[3] McKee, C.F. and Ostriker, E.C. (2007) Theory of Star Formation. Annual Review of Astronomy and Astrophysics, 45, 565-687. http://dx.doi.org/10.1146/annurev.astro.45.051806.110602
[4] Loinard, L., Torres, R.M., Mioduszewski, A.J. and Rodri′guez, L.F. (2008) A Preliminary VLBA Distance to the Core of Ophiuchus, with an Accuracy of 4%. The Astrophysical Journal, 675, L29-L32.
[5] Genzel, R., Reid, M.J., Moran, J.M. and Downes, D. (1981) Proper Motions and Distances of H2O Maser Sources. I—The Outflow in Orion-KL. Astrophysical Journal, 244, 884-902.
[6] Zinnecker, H. and Yorke, H.W. (2007) Toward Understanding Massive Star Formation. Annual Review of Astronomy and Astrophysics, 45, 481-563.
[7] Menten, K. (1991) Methanol Masers and Submillimeter Wavelength Water Masers in Star-Forming Regions. In: Haschick, A.D. and Ho, P.T.P., Eds., Atoms, Ions and Molecules: New Results in Spectral Line Astrophysics, Astronomical Society of the Pacific, San Francisco, 119.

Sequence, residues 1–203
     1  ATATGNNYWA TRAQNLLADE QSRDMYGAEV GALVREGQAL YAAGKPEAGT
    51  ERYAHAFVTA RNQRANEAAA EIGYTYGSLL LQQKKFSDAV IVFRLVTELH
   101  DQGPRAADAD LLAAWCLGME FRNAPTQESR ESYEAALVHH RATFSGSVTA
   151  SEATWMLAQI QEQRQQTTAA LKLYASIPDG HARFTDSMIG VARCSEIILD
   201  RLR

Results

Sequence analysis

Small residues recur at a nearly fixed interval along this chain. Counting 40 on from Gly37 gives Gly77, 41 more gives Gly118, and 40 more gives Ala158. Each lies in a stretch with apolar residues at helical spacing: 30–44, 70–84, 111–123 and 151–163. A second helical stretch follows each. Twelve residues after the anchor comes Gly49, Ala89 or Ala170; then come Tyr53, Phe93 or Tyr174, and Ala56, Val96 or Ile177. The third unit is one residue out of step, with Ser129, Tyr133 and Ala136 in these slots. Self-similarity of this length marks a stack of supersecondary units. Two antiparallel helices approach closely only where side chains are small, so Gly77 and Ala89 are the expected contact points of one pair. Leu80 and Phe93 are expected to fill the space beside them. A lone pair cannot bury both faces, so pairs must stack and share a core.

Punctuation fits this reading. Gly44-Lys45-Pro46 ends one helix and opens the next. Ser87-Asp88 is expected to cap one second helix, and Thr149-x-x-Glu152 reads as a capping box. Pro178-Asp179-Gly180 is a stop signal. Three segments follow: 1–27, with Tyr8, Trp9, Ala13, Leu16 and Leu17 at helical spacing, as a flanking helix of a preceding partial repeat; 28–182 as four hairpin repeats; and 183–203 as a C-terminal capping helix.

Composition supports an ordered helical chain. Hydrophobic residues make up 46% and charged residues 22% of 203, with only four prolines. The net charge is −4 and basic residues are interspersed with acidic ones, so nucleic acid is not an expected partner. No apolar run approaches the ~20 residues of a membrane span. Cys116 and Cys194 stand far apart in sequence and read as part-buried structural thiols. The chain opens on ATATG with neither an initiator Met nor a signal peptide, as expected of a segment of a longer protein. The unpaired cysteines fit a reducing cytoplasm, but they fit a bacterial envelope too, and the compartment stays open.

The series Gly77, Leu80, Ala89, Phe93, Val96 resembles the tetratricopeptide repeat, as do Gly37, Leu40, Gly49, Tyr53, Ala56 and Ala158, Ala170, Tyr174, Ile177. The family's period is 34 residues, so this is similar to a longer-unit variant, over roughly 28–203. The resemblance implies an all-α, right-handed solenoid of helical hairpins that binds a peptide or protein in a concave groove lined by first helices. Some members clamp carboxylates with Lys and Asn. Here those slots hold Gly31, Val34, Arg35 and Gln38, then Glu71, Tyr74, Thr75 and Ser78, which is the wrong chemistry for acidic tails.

[8] Sobolev, A.M., Ostrovskii, A.B., Kirsanova, M.S., Shelemei, O.V., Voronkov, M.A. and Malyshev, A.V. (2006) Methanol Masers and Star Formation. arXiv:astro-ph/0601260.
[9] Cragg, D.M., Johns, K.P., Godfrey, P.D. and Brown, R.D. (1992) Pumping the Interstellar Methanol Masers. Monthly Notices of the Royal Astronomical Society, 259, 203-208.
[10] Voronkov, M. (2013) Australia Telescope National Facility.
[11] Val’tts, I.E. and Larionov, G.M. (2007) A General Catalog of Class I Methanol Masers. Astronomy Reports, 51, 519-530. http://dx.doi.org/10.1134/S1063772907070013
[12] Cyganowski, C.J., Brogan, C.L., Hunter, T.R. and Churchwell, E. (2011) Deep Very Large Array Radio Continuum Surveys of GLIMPSE Extended Green Objects (EGOs). The Astrophysical Journal, 743, 56. http://dx.doi.org/10.1088/0004-637X/743/1/56
[13] Kurtz, S., Hofner, P. and Alvarez, C.V. (2004) A Catalog of CH3OH 70-61 A+ Maser Sources in Massive Star-Forming Regions. The Astrophysical Journal Supplement, 155, 149.